Premier praises ‘junk DNA’ discovery
[ Research Review 0906 : Medicine, Dentistry and Health Sciences ]
The so-called ‘junk DNA’ in our bodies may be part of what makes us human — not just useless bits of genome left from millions of years of evolution — according to research for a University of Melbourne PhD.
Melbourne medical graduate and PhD student Dr Ken Pang has attracted international attention for his findings and a high commendation for his work in this year’s Premier’s Awards for Medical Research.
Dr Pang, 31, is based in the University of Melbourne-affiliated Ludwig Institute for Cancer Research’s Melbourne Centre for Clinical Sciences, in Heidelberg, where his PhD supervisor is Dr Weisan Chen.
His work in the emerging and controversial field of ‘junk DNA’ suggests it may be essential to who we are. “When the human genome was mapped in 2001, our genes accounted for less than two per cent of the 2.9 billion letters of DNA code each of us has,” he said.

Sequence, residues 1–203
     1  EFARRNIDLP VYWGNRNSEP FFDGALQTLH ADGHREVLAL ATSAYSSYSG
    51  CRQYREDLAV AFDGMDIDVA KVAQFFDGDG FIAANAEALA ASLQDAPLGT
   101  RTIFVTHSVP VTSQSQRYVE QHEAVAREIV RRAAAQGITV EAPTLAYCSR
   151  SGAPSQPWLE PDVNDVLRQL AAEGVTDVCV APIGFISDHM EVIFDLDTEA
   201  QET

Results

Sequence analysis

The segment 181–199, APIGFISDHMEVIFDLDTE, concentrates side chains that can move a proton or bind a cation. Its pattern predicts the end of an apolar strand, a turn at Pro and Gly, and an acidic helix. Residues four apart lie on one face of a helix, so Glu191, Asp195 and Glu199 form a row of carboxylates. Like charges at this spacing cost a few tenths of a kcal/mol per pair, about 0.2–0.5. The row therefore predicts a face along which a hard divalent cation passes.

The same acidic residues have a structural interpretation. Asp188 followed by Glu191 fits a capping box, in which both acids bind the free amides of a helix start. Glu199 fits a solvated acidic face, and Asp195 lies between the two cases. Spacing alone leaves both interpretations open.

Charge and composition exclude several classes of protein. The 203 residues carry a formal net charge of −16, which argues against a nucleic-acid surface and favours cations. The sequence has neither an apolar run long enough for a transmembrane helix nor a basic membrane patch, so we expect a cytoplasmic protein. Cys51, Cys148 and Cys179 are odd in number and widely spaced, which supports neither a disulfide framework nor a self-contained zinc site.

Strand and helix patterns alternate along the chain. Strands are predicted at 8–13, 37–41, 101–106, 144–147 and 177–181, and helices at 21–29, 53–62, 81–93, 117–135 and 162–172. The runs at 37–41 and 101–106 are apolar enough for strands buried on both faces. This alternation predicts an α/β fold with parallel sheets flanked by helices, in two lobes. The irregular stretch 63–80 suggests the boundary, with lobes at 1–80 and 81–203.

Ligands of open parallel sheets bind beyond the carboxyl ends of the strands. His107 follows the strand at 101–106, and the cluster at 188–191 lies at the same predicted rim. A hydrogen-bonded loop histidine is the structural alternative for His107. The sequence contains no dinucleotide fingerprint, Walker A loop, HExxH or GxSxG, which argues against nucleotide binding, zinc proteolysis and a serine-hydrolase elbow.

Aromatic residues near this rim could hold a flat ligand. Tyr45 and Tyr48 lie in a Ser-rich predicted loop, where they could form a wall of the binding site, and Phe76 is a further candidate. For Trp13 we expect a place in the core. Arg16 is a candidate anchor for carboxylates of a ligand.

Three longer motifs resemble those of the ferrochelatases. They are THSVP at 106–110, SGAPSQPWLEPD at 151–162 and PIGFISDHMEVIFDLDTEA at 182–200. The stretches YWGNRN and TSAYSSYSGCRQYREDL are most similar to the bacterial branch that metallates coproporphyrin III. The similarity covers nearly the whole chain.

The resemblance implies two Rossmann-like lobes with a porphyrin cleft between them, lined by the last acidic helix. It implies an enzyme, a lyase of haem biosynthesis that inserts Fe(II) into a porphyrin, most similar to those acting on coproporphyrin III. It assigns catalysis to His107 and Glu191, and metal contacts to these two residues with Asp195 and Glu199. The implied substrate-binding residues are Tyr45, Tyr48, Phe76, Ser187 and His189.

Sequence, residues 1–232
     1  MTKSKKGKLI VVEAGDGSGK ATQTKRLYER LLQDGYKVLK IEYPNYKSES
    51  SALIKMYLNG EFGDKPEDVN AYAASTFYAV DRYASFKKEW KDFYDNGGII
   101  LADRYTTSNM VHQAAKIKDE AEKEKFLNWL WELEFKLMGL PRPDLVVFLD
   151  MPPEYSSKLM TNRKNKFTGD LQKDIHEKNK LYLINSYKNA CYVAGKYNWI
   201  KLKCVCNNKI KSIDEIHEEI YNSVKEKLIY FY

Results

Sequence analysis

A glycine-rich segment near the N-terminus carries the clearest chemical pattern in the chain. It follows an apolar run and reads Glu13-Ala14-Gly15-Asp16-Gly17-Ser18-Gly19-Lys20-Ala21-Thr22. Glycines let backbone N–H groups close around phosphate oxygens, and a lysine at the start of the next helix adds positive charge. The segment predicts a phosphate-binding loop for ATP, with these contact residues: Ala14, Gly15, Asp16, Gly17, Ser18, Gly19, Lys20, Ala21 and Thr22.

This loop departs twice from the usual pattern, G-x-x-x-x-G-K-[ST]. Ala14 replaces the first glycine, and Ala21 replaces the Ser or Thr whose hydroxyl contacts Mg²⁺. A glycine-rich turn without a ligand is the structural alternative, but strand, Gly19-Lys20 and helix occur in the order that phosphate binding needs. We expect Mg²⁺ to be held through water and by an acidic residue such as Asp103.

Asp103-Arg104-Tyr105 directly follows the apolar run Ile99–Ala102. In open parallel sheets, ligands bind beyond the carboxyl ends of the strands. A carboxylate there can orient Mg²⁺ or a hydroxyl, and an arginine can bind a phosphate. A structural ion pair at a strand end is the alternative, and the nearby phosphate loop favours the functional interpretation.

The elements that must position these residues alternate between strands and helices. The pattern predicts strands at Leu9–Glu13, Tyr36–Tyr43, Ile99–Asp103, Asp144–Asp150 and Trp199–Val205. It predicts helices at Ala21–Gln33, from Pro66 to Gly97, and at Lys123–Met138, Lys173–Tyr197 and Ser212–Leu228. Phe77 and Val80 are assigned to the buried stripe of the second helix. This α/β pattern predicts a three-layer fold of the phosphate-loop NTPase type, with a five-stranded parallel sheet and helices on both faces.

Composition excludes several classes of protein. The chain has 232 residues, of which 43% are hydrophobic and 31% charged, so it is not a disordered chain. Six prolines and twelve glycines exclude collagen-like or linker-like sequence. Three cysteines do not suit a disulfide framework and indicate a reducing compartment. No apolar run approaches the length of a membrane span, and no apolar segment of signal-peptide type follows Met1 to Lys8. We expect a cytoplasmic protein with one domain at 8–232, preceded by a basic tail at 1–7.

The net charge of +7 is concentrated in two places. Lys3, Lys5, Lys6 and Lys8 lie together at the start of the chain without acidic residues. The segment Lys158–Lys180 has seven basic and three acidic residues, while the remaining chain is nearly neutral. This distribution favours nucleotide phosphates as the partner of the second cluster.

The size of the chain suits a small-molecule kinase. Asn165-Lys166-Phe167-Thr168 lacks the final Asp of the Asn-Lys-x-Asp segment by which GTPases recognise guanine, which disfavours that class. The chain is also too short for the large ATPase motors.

“Many scientists dismissed the rest as junk, ‘left-over’ rubbish from evolution. They think the DNA that does not produce protein has no role in our body. But they are wrong.”
“Taken together, my work dispels the long-held belief that our genomes are replete with useless information. This radically alters our understanding of how the human genome works, and promises to significantly influence the future practice of medicine.”
Ken’s work has taken him to Brisbane, where he worked with renowned biologist Professor John Mattick at the University of Queensland, and to Tokyo, where he worked with Dr Yoshihide Hayashizaki, head of the RIKEN Genome Exploration Research Group.
He has also collaborated with University of Melbourne Laureate Professor Peter Doherty in studying mutant influenza viruses, part of parallel research for his PhD in immunology. In three years he has had 10 scientific papers published, and is a first author on half of these.
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